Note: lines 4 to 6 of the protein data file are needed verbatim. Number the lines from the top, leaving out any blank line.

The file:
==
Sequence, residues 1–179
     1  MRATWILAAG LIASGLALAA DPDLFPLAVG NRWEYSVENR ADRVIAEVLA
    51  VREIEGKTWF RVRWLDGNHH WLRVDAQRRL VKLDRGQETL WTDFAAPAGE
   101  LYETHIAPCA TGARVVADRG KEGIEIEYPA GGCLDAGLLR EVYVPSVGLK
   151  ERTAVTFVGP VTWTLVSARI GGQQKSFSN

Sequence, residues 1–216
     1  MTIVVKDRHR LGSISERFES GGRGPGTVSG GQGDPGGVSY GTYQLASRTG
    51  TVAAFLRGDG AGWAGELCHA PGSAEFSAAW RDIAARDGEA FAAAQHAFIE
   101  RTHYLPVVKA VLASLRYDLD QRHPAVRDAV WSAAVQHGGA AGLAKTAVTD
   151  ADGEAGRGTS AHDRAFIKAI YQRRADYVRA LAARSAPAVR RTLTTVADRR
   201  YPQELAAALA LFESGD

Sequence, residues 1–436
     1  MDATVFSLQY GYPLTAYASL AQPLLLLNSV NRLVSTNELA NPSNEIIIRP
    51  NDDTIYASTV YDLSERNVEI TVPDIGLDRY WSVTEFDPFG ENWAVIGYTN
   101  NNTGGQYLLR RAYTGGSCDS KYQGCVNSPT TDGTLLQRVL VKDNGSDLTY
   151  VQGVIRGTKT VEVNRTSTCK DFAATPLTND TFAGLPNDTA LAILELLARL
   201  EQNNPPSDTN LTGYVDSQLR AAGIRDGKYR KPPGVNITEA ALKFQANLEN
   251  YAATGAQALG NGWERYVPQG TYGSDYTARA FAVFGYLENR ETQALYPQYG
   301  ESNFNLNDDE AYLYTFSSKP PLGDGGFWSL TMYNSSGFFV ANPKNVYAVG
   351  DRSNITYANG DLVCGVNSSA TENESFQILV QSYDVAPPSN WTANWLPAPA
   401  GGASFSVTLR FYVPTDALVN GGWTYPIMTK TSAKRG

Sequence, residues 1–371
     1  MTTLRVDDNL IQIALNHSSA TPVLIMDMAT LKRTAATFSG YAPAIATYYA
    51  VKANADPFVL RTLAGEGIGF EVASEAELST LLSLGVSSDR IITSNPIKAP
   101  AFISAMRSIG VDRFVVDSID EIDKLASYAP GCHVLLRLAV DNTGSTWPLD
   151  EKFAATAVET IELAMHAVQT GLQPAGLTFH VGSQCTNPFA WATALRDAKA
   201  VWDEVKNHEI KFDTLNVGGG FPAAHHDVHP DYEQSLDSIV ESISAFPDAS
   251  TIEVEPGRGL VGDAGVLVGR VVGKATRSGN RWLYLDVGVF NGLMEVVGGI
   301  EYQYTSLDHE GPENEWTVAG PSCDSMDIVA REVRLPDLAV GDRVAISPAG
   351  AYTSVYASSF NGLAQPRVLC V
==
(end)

   101  LYETHIAPCA TGARVVADRG KEGIEIEYPA GGCLDAGLLR EVYVPSVGLK
   151  ERTAVTFVGP VTWTLVSARI GGQQKSFSN

Sequence, residues 1–216